This critical campaign provides a model to the kind of movement that will be needed to protect jobs and win improved public services, says Kate O'Neil
Last night over 300 viewers tuned in to an online rally by RMT, ASLEF, TSSA and Unite, all the unions representing employees of Transport for London. It was the first such joint event in several years, and organisers hope it will be the first of many in the months to come.
The rally was called in anticipation of major cuts to jobs and services due to a drastic reduction in TfL’s revenues during the pandemic, as passenger numbers dwindled and fares were suspended. So far, the government has signalled it will make both TfL employees and passengers pay for the budget deficit. The £1.6 billion bailout package it issued in May not only falls well short of the funding needed, it required TfL to raise fares, stop free travel passes for under-18s and restrict free travel for over-60s.
TfL was also forced to accept two government officials onto the TfL board, who have already hired KPMG, a notorious job- cutting consulting firm, to advise on TfL’s reorganisation. And TfL has been starved for years. Since Tories cut its yearly £700 million stipend in 2015, London is now the only European capitol whose transport network is not subsidised by a national government.
The new union campaign, called ‘Protect our Transport: Keep London Moving,’ is opposing all cuts to transport services, cuts to jobs and deterioration of terms and conditions for TfL workers. It is also demanding the full restoration of government subsidies to TfL and a ‘fully funded, green, integrated and accessible public transport system that meets air quality targets.’
These demands are a tall order, but the rally showed there exists a strong feeling of anger and a willingness to fight among workers. Speaker after speaker spoke of the injustice felt by TfL staff that they had put their lives on the line during the lockdown, only to have their livelihoods on the line now. Many spoke of the workers who had died from COVID, disproportionately of BAME background, and viewers even observed a minute of silence for lost colleagues. Others mentioned the gross hypocrisy of the Tories, who are handing out no-strings-attached money to private train companies while placing stringent cuts on TfL, a public service. And no one missed the chance to call out Johnson’s blatant opportunism in using the crisis to gain more power over the network.
The ‘Protect our Transport’ campaign represents some important steps forward for trade unions in the sector. Firstly, each union spelled out the importance of unity in action. As Michelle Rogers, the president of RMT, said, ‘We don’t always agree, however we have to work together to win this.’ There was also a palpable readiness for an all-out battle, with several speakers claiming a collective strike was in the cards. Secondly, it is significant that the rally took place well ahead of the next TfL budget announcement; the unions are thinking ahead. Finn Brennan, the ASLEF district organiser for the London Underground, explained how his team had already asked for a ‘cast-iron guarantee’ from TfL that there would be no cuts, and as they have not received it, they are ‘moving quickly’ to initiate dispute themselves.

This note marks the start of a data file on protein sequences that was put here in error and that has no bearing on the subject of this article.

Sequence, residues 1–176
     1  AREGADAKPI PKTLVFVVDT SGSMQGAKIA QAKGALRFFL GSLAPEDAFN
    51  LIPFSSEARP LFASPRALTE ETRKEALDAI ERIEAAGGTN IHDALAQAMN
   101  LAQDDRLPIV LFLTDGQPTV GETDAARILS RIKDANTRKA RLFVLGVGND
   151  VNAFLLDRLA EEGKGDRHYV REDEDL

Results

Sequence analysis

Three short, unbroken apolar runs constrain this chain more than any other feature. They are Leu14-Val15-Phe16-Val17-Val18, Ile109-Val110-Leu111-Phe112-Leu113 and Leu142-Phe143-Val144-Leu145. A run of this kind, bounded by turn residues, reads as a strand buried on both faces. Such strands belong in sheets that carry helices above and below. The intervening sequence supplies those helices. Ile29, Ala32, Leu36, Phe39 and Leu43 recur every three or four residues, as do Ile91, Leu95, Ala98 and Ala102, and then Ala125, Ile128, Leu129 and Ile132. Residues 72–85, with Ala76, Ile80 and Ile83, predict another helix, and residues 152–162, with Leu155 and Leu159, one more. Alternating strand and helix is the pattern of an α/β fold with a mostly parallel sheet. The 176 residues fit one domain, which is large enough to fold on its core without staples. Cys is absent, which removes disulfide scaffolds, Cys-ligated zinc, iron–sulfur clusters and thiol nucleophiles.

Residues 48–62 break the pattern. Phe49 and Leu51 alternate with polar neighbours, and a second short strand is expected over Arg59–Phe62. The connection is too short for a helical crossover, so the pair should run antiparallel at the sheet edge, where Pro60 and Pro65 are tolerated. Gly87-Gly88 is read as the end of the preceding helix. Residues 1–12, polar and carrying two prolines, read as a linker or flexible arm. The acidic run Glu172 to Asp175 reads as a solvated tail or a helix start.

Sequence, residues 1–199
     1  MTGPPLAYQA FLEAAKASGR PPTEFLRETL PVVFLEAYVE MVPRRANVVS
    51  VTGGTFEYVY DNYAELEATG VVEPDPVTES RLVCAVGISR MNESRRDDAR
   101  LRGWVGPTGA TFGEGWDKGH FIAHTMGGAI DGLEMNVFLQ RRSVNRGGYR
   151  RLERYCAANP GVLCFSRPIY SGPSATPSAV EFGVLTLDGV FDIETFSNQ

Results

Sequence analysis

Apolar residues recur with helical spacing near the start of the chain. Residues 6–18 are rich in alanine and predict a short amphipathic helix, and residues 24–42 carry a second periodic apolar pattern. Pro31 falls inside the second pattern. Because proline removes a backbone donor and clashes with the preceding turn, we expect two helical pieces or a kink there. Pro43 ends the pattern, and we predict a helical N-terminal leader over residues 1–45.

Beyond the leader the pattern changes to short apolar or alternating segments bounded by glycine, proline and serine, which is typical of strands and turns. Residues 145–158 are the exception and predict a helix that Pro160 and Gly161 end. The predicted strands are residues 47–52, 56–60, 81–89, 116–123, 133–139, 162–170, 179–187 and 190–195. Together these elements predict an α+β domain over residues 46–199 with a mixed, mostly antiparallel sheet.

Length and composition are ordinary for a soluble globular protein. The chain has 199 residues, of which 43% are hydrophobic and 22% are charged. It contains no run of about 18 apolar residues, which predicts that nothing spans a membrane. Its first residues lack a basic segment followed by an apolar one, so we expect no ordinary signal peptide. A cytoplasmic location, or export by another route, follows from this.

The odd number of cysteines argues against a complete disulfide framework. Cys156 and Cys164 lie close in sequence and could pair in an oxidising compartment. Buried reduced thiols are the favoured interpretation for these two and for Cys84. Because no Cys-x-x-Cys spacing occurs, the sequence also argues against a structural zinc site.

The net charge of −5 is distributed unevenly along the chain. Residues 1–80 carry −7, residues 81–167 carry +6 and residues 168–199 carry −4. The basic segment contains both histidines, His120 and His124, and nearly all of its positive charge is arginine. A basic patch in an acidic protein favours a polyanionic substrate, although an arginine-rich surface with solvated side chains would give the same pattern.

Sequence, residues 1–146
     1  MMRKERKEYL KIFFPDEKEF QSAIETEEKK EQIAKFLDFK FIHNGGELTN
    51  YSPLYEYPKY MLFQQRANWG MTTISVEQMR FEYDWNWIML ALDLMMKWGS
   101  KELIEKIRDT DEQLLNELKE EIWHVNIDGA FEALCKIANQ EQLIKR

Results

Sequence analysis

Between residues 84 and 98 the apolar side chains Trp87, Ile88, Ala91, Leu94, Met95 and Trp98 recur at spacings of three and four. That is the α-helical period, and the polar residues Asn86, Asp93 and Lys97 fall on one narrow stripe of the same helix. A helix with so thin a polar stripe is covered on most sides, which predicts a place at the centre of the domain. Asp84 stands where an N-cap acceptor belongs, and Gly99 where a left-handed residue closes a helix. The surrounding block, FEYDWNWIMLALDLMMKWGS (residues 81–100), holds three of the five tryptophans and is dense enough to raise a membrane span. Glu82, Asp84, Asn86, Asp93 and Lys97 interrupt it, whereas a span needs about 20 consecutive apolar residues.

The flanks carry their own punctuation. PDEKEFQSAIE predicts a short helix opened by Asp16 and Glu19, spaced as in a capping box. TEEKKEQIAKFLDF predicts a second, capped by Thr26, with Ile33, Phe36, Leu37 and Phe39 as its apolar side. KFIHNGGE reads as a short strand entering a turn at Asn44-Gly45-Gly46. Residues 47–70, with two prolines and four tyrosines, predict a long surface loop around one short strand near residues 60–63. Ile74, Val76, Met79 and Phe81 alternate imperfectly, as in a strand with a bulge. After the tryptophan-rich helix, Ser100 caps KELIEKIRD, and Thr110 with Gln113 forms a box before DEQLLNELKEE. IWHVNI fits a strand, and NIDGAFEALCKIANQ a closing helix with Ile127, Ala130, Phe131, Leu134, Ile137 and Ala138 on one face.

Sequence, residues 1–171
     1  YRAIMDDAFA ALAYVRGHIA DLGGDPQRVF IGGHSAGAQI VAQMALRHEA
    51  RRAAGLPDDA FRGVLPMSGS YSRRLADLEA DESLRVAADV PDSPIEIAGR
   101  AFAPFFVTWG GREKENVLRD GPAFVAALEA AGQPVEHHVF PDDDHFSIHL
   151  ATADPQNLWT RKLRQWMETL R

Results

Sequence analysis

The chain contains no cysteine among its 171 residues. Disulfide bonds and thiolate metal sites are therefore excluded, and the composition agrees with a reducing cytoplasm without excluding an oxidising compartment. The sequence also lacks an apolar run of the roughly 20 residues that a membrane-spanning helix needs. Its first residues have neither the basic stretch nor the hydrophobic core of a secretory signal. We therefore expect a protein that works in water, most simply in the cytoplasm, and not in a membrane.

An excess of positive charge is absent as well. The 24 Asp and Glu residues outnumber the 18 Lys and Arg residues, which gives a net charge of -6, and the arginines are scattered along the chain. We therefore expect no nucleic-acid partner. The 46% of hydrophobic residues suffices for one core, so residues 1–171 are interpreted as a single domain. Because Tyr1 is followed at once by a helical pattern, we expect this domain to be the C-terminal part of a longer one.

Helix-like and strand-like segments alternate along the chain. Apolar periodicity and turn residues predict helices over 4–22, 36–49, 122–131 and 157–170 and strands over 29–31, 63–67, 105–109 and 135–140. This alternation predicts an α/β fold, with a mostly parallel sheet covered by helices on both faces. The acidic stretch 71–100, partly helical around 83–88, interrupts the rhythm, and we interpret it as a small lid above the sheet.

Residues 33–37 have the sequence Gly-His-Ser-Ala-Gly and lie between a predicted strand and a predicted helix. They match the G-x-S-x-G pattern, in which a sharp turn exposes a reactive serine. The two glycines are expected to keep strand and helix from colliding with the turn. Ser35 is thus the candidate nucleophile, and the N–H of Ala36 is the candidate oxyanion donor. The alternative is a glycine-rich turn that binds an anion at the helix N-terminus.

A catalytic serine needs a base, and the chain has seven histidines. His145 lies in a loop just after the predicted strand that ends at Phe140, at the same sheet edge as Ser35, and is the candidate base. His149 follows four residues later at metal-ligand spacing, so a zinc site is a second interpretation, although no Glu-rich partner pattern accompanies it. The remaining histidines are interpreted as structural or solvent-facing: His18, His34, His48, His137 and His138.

Finally, the campaign is clearly aiming to link industrial action with a broader class struggle for a safer, more equitable and more sustainable transport system. Peter Kavanagh, Unite’s London Regional Secretary, spoke of the need for an ‘external-facing campaign’, in which the unions would work with community and environmental advocacy groups. The rally itself included speeches by community activists. Cheryl Beckford, a Unite equalities rep, reminded viewers that BAME staff and communities will be worst affected by cuts to jobs and services.
Paula Peters, from Disabled People Against Cuts, explained how service cuts would delay new disabled access projects in rail and tube stations and pointed out that government proposals for driverless trains were dangerous, especially for disabled riders. Oisin Mulholland, a youth activist from Prospect, showed eloquently how loss of the free travel pass would not only make it harder for working class children to get to school, it would also limit their opportunities to learn outside the classroom, by visiting museums and attending cultural events.
This campaign is a critical fight for all Londoners, and it could provide a model for the kind of movement—inside and outside the workplace-- that will be needed to protect jobs and win improved public services in other sectors coming out of the COVID crisis. Watch this space and be prepared to get your solidarity on board!
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